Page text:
For as long as my memory can reach, I have been incredibly anxious. Anxious to the point of where I could make myself vomit out of fear. To me and my family, it was a “quirk”. I thought everyone experienced that anxiety. No one could guess it, I hid it pretty well: I was heavily involved in theatre and choir and was a very good student. I was bubbly and quick-witted. I only realized that Generalized Anxiety Disorder (GAD) was abnormal in my Psychology course my Junior year of high school, and that I was experiencing the symptoms.
Then, the summer before my Senior year hit. One night, I had the worst panic attack I’d ever experienced. I shook uncontrollably and my breathing was rapid. My heart was pounding and I felt sick. This lasted for weeks. When I wasn’t feeling this, I was depressed. I stopped caring about everything I once held dear. I couldn’t sleep or eat; I lost several pounds in a few weeks. I began showing symptoms of agoraphobia and OCD, cleaning my shower faucet constantly and having feelings of panic when even thinking about leaving my house.
I couldn’t turn on the TV, go online, or read, and my sweet cat suddenly just seemed like a dumb animal that wandered around my house. My dad didn’t ever really notice. My sister told me to suck it up. My mom noticed my weight loss and thought I was becoming anorexic and was concerned about my overall personality shift. I couldn’t articulate the pain and fear I felt, and felt an incredible loss for the person I once was. I began to contemplate suicide.
I thought of jumping from the upstairs balcony to the hardwood below in my house. I thought of turning my car into oncoming traffic while driving. I thought about sticking a paper clip into the electrical outlet in my room. I just wanted it all to stop. Suddenly, I had a pang of a different kind of sadness; I thought of how much my death would devastate my mother, possibly to the point of her feeling this or contemplating death.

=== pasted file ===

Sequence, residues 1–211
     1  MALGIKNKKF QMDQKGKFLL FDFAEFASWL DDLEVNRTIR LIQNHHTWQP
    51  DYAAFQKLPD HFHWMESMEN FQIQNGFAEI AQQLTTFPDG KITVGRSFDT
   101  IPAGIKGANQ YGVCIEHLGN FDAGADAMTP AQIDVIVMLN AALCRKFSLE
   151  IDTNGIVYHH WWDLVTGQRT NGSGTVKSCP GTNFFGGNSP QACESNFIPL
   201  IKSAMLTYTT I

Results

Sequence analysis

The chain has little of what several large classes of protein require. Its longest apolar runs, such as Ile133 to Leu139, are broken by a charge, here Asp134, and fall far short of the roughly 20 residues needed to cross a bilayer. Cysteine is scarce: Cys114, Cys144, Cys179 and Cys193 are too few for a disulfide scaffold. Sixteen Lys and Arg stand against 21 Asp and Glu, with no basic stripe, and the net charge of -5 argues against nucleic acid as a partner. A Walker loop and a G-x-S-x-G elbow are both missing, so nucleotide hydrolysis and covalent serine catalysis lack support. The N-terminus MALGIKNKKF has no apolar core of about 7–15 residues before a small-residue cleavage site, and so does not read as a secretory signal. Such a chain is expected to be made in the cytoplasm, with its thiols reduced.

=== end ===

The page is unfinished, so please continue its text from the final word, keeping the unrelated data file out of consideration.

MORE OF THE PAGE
I slowly walked up to her in her bathroom one morning. I took a deep breath and told her: “Mom, I’m suicidal and I think I really need some help.” She slowly turned to me and said: “When do you want to go to the doctor?” “Today,” I said. “Right now. Mama, I don’t want to leave you.” We went to the doctor that same day, where I was diagnosed and prescribed antidepressants and panic inhibitors.
I told my dad and sister the same night, after swallowing my first pill. They were surprised and saddened that they hadn’t noticed how much pain I was in. But they supported me, after many tears and hugs. I was truly nervous at how they would respond; they were always people who believed feelings of any sort could be overcome by mental will, and I had, too. I was ashamed that I wan’t strong enough to do it myself.
But I realized I had a disease. Who could expect someone with diabetes or cancer to just “will the disease away”? I was ashamed for a while, but I never will be again.
Today, it’s been months since my last panic attack or suicidal thought. I still feel depressed sometimes, but never to the degree or length I did. I love my cat and family again, and have made new friends and rekindled old friendships. I’m an honors student and going to college in the fall. I’ve overcome my agoraphobia to the degree that I’m going to Europe in a week! I’ve regained weight, got a new haircut, and rediscovered my religion. I’m incredibly happy.
I’ve never found the person I used to be, but that’s okay, because now I’ve become someone even better.